Number crunchers can rise to top executive posts

A senior industry insider talks about analysts’career prospects

What do credit analysts do?
Credit analysis is one of the most enriching career options for a professional wanting to pursue a career in finance. The job requires sharp analytical skills and a keen interest to analyse financials and operational information pertaining to a company. It provides you an opportunity to take part in discussions with the top management of the client and conduct independent research to make an overall assessment of the credit profile of the client.

What are the growth prospects like in this profession?
If you have the right qualifications, the right attitude, ambition and proven capability, you can reach a top management position, like MD or CEO. As you go along, there are immense opportunities.

Credit analysts are widely sought after by banks, financial institutions, investment banks, private equity players, mutual fund houses, etc.

A typical credit analyst rises to the position of senior analyst wherein s/he spearheads the assignment. With more experience, the analyst moves up to the managerial level, handling teams of analysts and looking after certain industries/sectors. The right candidate can rise to top management level.

Can you pinpoint the right qualifications?
We look for MBAs in finance or CAs. Then, there are add-on qualifications, such as CFA (chartered financial analyst) and FRM (financial risk manager) that employees earn to get an edge in the job market.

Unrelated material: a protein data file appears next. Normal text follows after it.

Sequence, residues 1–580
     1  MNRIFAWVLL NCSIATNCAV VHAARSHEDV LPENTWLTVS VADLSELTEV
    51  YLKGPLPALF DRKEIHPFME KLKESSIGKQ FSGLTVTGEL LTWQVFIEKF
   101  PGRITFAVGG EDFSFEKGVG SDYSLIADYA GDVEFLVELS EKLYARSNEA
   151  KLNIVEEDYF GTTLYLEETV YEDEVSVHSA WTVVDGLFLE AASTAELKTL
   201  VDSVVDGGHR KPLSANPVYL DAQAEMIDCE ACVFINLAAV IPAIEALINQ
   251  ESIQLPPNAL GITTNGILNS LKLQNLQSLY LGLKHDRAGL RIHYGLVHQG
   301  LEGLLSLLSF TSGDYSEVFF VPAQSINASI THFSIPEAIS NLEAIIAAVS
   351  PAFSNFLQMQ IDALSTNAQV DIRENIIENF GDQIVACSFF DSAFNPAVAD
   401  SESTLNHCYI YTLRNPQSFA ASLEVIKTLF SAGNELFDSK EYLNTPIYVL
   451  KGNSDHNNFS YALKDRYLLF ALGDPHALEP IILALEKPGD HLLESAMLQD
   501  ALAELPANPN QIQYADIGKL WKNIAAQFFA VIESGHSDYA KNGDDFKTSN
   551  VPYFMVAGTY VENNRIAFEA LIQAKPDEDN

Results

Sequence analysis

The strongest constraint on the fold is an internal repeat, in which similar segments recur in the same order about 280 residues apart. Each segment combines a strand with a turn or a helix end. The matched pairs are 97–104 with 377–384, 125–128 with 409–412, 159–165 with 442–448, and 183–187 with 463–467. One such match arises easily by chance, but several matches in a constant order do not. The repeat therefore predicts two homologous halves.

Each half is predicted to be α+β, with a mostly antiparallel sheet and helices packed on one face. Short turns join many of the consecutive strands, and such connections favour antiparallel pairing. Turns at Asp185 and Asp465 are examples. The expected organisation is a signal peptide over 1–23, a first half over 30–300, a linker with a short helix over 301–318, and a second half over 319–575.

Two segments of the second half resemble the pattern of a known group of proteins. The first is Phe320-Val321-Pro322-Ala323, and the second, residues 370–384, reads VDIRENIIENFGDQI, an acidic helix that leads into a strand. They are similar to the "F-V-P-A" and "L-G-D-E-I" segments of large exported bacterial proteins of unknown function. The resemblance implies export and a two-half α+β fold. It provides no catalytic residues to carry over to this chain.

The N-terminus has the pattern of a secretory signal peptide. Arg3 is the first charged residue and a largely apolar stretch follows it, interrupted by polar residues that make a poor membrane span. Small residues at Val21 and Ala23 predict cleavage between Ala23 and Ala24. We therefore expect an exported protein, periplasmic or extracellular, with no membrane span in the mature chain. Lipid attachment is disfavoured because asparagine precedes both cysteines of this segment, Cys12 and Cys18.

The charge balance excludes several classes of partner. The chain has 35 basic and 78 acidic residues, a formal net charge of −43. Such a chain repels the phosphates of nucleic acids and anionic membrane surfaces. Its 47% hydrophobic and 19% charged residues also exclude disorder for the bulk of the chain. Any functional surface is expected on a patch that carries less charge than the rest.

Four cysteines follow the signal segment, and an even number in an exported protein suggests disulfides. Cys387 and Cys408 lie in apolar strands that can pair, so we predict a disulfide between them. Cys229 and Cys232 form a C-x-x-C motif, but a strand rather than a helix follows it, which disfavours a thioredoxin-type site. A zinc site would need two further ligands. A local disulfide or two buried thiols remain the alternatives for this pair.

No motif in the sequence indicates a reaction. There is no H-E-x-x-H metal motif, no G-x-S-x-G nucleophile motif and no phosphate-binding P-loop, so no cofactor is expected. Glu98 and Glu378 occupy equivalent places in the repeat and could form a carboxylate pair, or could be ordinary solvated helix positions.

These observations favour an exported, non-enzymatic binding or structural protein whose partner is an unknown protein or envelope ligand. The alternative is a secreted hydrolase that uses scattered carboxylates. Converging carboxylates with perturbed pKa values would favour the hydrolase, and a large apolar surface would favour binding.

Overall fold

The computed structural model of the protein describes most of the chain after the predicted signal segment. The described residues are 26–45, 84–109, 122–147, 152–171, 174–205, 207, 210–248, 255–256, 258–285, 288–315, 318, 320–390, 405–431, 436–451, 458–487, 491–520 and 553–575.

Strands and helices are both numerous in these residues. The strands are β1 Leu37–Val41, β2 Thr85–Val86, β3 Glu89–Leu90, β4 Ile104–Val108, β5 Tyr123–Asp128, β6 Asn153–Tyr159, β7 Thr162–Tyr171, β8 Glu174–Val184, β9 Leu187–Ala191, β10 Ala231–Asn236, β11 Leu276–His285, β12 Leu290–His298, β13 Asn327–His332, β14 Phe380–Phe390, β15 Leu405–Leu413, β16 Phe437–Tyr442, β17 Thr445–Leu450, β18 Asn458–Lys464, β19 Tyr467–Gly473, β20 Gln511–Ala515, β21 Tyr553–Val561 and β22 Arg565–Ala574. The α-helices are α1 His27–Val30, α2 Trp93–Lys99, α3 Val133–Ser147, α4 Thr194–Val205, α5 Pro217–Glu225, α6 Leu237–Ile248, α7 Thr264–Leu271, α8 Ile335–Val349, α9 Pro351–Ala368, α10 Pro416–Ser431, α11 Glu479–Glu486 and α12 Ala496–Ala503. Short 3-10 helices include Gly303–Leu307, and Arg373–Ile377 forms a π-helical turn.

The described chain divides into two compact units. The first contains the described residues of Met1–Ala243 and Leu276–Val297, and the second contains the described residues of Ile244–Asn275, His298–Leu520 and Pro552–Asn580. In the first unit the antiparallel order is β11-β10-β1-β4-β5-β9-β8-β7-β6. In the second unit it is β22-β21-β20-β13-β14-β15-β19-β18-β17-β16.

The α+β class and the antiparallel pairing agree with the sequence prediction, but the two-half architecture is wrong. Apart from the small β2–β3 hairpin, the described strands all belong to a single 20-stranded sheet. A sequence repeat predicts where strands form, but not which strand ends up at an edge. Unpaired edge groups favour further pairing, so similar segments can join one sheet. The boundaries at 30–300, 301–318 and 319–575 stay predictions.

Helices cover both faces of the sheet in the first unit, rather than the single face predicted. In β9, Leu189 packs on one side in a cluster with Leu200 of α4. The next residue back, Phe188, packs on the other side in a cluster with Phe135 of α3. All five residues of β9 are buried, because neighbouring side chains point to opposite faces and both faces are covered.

What about plain graduates? There are job postings asking for graduates (BTech, BCom etc)...
Graduates, yes but we take them in the category of junior analysts or management trainees. They are required to assist the analysts.

Is it wise to opt for commerce with accounts at the plus two level and earn a BCom degree?
We can’t say BCom is better. You should have a natural inclination towards this kind of analysis. It’s a little specialised and requires dedication, hard work and a flair for analysis as well as the ability to understand businesses. Exposure to accountancy helps people perform but once students (with a non-commerce background) do their MBA, they catch up. Analysts with an engineering background also tend to perform well as they can appreciate the manufacturing process and have good quantitative and analytical skills.

Among rating agencies, banks and financial institutions, who pays the best?
Rating agencies may not be the best paymasters but they offer a superior job profile in terms of exposure to different industries, undertaking plant visits, holding management discussions and complete independence to write your analysis. We assign multiple industries to a credit analyst so that there’s no monotony. The analyst also gets an opportunity to acquire in-depth insight (read: specialisation) in a particular sector.

Swati Agrawal, regional head, Credit Analysis and Research Ltd (CARE) Interviewed by Rahat Bano